A three-judge panel of the Ninth Circuit heard oral argument on June 4 in Juliana v. United States, the potentially groundbreaking climate lawsuit by 21 youth plaintiffs that was filed against the federal government close to four years ago.
It has been a long, convoluted journey since then: In just the last year, the case made two trips to the US Supreme Court and at one point, the government had motions simultaneously pending before the district court, the Ninth Circuit, and the Supreme Court, all attempting—in one way or another—to put the brakes on the litigation. (I’ve previously written about the legal maneuvering that brought the dispute to the Ninth Circuit.)
Why has the government waged this unusually aggressive campaign to prevent the “climate kids” case from ever going to trial? As the federal district court judge in Oregon overseeing the case recognized, this is “no ordinary lawsuit.”
Plaintiffs have brought a number of claims grounded in the Constitution demanding that the federal government undertake a plan to “phase out fossil fuel emissions” and draw down excess carbon dioxide “so as to stabilize the climate system[.]” Consequently, this case has, technically speaking, set the government’s hair on fire.
You can watch the entire Ninth Circuit argument, but I would offer two cautions. First, for a number of reasons, it can be exceedingly difficult to predict an outcome based on questions from the bench. Oral arguments provide only a small, opaque window into judges’ thinking while much of the work in crafting their decision will happen behind closed doors.
Second, courtroom proceedings are rarely a riveting affair. Law school and years of legal practice have conditioned me to appreciate things like an extended colloquy over the appropriate standard of review (around 21:00) so I’m incapable of objectively evaluating the entertainment value here. You’ll have to make that assessment for yourself.
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But, if you are daunted by the prospect of an hour’s worth of sustained legalese, I’ll highlight one notable exchange.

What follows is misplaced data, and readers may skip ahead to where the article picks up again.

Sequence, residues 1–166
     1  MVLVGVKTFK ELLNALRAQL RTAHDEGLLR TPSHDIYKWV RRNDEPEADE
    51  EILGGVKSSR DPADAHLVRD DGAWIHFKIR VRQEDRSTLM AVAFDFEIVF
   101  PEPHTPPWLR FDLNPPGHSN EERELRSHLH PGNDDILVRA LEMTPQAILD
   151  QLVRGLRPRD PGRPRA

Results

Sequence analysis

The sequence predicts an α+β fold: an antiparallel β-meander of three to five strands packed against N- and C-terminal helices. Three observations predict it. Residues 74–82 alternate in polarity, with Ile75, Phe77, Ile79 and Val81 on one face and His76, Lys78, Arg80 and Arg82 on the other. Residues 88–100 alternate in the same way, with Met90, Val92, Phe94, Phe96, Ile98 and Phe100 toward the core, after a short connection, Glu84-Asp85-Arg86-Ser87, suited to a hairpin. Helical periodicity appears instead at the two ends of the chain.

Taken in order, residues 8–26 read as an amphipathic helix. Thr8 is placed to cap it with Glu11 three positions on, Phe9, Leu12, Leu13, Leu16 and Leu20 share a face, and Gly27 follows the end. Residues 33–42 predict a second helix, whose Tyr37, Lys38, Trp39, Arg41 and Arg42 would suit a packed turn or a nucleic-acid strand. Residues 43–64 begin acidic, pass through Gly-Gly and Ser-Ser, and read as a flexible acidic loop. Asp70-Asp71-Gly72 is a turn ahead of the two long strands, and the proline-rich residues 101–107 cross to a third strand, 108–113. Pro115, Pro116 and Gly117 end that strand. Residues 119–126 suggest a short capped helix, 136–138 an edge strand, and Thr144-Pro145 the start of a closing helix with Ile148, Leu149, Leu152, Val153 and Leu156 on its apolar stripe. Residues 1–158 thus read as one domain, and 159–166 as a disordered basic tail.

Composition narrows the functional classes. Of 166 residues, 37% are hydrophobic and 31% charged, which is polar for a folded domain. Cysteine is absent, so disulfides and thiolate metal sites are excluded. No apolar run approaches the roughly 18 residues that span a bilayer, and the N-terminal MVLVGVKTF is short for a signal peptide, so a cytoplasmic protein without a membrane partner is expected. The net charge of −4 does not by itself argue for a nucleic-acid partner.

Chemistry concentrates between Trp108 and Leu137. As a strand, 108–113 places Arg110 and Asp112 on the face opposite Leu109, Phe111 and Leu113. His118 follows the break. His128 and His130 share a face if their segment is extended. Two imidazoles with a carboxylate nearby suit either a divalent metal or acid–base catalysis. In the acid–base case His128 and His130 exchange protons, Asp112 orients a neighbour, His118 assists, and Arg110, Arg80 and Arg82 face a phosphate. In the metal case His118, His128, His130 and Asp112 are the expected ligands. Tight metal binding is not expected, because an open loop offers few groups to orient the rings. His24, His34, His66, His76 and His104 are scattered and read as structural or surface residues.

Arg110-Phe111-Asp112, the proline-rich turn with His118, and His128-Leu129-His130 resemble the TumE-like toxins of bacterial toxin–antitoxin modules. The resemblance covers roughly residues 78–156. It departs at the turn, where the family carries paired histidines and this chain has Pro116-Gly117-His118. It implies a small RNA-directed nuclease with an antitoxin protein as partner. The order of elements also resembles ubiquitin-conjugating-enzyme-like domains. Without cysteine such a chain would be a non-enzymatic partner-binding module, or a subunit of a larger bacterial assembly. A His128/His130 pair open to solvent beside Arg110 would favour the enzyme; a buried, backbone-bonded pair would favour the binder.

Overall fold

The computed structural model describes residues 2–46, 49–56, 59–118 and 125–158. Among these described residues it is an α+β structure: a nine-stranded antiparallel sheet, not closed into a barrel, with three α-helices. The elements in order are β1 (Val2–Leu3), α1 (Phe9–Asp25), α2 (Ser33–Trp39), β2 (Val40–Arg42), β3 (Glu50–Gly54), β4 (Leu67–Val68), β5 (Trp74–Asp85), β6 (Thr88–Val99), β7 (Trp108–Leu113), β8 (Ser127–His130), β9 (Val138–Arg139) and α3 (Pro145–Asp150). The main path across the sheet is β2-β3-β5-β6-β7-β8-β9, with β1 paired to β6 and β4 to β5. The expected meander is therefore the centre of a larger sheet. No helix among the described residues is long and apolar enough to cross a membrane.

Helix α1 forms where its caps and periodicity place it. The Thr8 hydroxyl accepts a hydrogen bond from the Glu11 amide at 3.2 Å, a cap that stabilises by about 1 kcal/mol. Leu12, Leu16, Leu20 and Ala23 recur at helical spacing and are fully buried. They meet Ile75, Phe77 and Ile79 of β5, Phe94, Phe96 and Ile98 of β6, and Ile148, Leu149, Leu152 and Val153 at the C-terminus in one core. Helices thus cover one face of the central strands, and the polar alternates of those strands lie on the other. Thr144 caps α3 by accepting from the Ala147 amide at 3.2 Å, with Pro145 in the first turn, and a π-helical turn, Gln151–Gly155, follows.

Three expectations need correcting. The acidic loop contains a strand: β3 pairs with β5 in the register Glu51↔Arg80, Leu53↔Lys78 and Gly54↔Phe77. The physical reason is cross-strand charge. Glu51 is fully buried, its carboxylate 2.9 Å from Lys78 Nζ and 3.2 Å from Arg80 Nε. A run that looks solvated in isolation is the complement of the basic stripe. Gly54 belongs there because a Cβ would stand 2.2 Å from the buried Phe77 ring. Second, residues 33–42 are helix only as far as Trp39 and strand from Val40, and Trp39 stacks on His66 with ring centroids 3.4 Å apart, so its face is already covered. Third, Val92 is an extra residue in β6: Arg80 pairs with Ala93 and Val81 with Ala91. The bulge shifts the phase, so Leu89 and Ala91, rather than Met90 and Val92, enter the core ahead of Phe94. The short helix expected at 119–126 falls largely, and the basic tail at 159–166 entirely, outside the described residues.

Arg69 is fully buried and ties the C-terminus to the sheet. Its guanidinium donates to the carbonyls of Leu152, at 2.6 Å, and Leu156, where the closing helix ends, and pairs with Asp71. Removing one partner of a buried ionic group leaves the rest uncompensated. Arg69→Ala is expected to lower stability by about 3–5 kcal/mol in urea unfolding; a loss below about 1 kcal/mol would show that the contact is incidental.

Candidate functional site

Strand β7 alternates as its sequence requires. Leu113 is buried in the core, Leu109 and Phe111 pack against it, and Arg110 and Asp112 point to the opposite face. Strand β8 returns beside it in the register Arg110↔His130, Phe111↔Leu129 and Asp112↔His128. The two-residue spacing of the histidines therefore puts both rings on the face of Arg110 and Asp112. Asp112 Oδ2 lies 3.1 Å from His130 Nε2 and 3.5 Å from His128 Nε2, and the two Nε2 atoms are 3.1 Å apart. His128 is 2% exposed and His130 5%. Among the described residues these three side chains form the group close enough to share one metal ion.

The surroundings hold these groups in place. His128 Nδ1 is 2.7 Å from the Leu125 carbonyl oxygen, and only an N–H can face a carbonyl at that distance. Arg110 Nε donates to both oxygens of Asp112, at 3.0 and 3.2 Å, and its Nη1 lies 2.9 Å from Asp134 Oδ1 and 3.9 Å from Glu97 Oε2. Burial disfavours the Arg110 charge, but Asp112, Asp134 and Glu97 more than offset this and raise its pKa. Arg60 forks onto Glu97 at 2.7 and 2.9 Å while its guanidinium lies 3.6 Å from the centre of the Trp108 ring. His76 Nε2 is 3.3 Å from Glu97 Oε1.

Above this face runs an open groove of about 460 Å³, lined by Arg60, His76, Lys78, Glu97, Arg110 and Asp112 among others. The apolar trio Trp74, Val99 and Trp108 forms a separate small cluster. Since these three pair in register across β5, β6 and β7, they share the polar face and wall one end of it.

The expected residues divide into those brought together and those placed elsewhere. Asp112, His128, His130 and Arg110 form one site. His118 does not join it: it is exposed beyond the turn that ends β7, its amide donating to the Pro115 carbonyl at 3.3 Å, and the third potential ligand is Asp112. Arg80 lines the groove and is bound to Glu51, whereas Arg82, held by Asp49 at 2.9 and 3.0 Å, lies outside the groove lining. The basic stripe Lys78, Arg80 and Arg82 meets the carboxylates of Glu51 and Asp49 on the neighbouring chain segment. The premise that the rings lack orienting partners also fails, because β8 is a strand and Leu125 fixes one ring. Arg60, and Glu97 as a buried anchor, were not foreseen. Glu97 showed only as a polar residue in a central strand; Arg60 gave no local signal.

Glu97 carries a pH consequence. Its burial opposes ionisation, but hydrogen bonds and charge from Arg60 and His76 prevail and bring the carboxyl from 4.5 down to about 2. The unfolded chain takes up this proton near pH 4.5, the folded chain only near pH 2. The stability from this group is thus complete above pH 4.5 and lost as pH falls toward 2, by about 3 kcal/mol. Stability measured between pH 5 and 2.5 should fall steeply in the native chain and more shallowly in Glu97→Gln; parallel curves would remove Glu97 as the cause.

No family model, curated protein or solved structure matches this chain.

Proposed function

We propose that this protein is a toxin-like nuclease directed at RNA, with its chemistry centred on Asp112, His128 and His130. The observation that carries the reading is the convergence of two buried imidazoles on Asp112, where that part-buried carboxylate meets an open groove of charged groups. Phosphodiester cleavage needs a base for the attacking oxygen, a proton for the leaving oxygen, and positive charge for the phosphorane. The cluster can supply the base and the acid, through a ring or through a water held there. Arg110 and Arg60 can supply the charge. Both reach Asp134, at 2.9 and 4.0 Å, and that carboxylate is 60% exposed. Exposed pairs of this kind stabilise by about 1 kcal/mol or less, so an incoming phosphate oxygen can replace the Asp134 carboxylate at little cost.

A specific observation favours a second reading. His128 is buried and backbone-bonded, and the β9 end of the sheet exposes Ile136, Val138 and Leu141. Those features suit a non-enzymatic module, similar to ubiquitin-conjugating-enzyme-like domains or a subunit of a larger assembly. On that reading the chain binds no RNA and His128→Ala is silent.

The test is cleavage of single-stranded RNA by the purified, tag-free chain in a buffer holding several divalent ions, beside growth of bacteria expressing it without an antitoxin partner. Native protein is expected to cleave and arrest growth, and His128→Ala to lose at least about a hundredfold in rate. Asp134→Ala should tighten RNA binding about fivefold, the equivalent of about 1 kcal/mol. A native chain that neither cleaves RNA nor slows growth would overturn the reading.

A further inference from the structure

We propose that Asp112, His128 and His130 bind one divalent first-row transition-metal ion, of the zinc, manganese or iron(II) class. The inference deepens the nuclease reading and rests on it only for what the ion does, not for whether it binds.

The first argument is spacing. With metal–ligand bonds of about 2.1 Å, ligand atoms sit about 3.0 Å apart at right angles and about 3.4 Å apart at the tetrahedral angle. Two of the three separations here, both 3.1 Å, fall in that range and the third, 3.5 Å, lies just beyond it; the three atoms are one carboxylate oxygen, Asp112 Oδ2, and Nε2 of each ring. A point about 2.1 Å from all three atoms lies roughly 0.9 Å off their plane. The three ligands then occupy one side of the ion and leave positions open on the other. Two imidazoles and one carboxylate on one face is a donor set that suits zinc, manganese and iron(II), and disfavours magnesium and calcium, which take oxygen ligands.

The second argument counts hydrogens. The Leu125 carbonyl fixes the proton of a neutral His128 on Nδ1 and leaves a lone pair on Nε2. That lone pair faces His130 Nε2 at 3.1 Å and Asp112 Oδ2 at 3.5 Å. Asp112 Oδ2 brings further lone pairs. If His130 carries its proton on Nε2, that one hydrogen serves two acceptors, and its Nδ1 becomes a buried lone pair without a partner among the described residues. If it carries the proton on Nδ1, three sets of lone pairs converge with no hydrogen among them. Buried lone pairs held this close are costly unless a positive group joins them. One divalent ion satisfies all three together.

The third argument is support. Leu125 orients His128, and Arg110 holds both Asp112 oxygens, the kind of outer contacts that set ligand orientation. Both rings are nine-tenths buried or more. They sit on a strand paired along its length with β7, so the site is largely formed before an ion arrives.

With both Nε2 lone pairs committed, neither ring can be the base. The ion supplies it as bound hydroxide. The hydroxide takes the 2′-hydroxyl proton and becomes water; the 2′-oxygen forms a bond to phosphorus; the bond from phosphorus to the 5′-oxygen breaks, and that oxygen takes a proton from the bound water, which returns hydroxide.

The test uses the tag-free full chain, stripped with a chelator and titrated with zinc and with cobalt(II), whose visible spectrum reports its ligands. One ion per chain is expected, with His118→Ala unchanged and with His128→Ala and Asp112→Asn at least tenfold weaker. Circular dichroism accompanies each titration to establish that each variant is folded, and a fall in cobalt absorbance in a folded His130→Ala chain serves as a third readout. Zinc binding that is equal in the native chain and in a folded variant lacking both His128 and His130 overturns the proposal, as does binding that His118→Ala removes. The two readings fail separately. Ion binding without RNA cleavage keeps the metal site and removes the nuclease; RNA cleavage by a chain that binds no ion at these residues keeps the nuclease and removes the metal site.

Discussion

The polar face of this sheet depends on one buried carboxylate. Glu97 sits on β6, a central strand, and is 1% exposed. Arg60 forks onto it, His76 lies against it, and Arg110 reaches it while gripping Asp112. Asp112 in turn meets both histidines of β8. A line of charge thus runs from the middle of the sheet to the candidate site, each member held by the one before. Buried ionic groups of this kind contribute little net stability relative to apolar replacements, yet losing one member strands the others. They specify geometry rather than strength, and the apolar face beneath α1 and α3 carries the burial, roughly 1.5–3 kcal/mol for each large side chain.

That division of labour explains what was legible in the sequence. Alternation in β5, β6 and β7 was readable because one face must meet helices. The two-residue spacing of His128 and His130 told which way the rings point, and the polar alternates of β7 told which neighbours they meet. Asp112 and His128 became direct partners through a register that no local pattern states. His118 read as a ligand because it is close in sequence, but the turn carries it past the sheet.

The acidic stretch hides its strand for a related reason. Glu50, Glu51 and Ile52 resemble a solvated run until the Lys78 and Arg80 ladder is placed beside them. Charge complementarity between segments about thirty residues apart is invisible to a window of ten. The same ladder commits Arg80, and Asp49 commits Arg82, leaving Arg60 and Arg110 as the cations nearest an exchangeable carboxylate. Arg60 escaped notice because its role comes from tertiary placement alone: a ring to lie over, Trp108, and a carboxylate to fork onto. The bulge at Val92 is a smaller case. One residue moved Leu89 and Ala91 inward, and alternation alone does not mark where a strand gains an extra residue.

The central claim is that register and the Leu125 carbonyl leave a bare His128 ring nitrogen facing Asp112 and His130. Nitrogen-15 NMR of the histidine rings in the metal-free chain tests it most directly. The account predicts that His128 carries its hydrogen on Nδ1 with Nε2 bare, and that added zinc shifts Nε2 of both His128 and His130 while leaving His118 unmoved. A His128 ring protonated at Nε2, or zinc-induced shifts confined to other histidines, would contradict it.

Judge Andrew Hurwitz asked the plaintiffs’ attorney, Julia Olson, whether Congress and the US President could step in and provide the plaintiffs with an adequate remedy. Olson naturally hesitated, before expressing doubt about that likelihood given the current political landscape.
Judge Hurwitz’s response (at minute 35:20) distills the essence of the issue facing the Ninth Circuit:
“Well, we may have the wrong Congress and the wrong president. That’s occurred from time to time over history. The real question for us is whether or not we get to intervene because of that. . . . You present compelling evidence that we have a real problem, compelling evidence that we have inaction by the other two branches of government. It may even rise to criminal neglect. The tough question for me, and I suspect for my colleagues, is: do we get to act because of that?”
Sometime in the next 6 months to a year, we should learn the judges’ answer.
And then? Even if the plaintiffs are successful at this stage, it’s virtually guaranteed that the government will appeal to the Supreme Court. By the time the Supreme Court would be able to conclude its review, we might have leaders in Washington, D.C., with a very different perspective on climate change, perhaps bringing Judge Hurwitz’s initial scenario closer to reality.
Michael Mayer practiced environmental law in the Northwest for close to a decade and now teaches climate change law at Seattle University School of Law.